Fiber length and aspect (length to diameter) ratio also vary.  Most synthetic fibers are  fairly short  - 1/2 to 1 in.  About a year ago, Forta introduced a synthetic fiber called Ferro that they are marketing as a "structural fiber reinforcing".  The product is described as:
         "a blend of heavy-duty, nonfibrilating copolymer monofilament and finishable fibrillated polypropylene network bundles."   
Whatever that means.  The fibers are 2-1/4 in. long and are used at dosage rates of 4 - 30 lb/yd, versus the typical synthetic fiber dosage of 1.5 lb/yd.  The fibers are tinted grey to make them less visible; otherwise your concrete would look like it was full of cat hair.

W.R. Grace has weighed in with a synthetic (polymeric) product called STRUX 90/40 that they say is a replacement for steel fibers or steel mesh.  They also note that it "enhances safety during installation by eliminating the risk for potential injury caused by handling and placement difficulties commonly associated with steel fibers or welded wire fabrics."   The 90 is the aspect ratio, the 40 is the length in millimeters (1.55 in.)  The advertised dosage rate is up to 11 lbs/yd.  I don't think their marketing material says what the material is, it just says something like it is a "polymer blend."  My (uniformed) guess is that it may be part aramid because the elastic modulus is listed as 1378 ksi;   nylon, polyethylene and polypropylene have elastic moduli on the order of 500 to 750 ksi whereas aramid can have an elastic modulus of 9000 ksi.

Honeywell sells a nylon fiber.  How they got from thermostats to fibers is not clear but I imagine they will find that fibers are essential for both Homeland Security and rebuilding Iraq.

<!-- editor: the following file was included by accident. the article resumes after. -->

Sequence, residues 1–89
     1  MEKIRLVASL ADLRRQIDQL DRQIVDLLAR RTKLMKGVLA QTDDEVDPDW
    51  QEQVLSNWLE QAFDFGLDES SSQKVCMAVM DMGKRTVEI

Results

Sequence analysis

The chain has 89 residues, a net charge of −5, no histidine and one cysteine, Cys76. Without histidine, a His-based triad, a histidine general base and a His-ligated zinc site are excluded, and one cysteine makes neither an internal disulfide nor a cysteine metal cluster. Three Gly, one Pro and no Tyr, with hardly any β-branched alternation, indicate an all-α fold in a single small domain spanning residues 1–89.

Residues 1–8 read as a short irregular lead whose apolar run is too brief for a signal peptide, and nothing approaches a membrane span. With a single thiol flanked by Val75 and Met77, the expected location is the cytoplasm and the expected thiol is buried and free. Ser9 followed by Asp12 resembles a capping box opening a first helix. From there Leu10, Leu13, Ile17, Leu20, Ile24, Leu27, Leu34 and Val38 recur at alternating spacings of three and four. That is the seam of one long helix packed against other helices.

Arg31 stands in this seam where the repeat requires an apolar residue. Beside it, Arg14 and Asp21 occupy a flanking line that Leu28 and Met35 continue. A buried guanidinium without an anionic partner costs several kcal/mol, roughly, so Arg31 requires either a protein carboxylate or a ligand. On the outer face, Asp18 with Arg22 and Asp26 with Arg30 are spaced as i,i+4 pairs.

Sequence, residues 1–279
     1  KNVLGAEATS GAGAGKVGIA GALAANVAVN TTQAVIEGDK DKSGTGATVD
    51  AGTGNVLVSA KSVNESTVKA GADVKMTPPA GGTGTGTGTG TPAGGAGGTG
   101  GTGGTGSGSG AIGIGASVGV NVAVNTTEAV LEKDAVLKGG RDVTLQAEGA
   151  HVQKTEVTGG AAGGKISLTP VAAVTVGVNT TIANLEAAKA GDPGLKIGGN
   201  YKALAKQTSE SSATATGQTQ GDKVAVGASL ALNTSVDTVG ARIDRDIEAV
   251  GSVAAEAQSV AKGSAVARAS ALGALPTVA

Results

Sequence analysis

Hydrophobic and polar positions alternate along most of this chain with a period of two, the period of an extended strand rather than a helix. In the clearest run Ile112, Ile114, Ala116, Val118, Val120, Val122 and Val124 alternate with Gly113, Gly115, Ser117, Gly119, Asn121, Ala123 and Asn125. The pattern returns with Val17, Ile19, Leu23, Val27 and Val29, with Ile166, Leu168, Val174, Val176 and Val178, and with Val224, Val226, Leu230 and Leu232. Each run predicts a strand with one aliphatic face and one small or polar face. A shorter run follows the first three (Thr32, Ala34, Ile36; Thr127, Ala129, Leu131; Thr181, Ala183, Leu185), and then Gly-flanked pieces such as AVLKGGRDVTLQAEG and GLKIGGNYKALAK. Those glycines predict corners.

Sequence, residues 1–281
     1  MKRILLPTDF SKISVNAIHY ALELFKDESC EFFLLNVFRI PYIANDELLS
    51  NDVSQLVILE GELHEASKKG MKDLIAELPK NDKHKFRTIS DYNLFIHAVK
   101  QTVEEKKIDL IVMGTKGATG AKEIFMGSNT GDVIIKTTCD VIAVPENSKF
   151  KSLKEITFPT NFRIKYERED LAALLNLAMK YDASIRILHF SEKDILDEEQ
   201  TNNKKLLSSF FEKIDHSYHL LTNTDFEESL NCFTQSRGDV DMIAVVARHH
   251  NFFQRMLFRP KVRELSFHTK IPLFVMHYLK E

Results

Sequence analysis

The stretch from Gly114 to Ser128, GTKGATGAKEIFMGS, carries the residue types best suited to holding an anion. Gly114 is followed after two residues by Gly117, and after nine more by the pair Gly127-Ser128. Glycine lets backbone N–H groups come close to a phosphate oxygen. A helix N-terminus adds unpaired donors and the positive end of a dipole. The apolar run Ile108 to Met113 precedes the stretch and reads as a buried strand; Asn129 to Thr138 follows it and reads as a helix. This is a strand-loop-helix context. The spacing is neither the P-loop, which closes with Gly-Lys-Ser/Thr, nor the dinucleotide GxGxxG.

One of the comments you hear most often from people not involved in marketing fibers is that most synthetic fibers have very high tensile strength but a low modulus of elasticity.  Hence, their most positive contribution to concrete is during the early stages of strength development.  Their high aspect ratio allows them to control plastic shrinkage cracking and reduce segregation of the concrete, I guess because the aggregate can't settle as much.  They don't do much for hardened concrete though; in other words they don't do much for drying shrinkage cracking or temperature stresses.   One of the conditions of use in the Fibermesh ICBO report (ER-5675) is that for reinforced concrete, structural reinforcement and shrinkage and temperature reinforcement required in Section 1907.12 of the UBC be provided.  I don't see that a fiber like Strux 90/40 with a modulus of 1378 ksi can do  much in hardened concrete, either.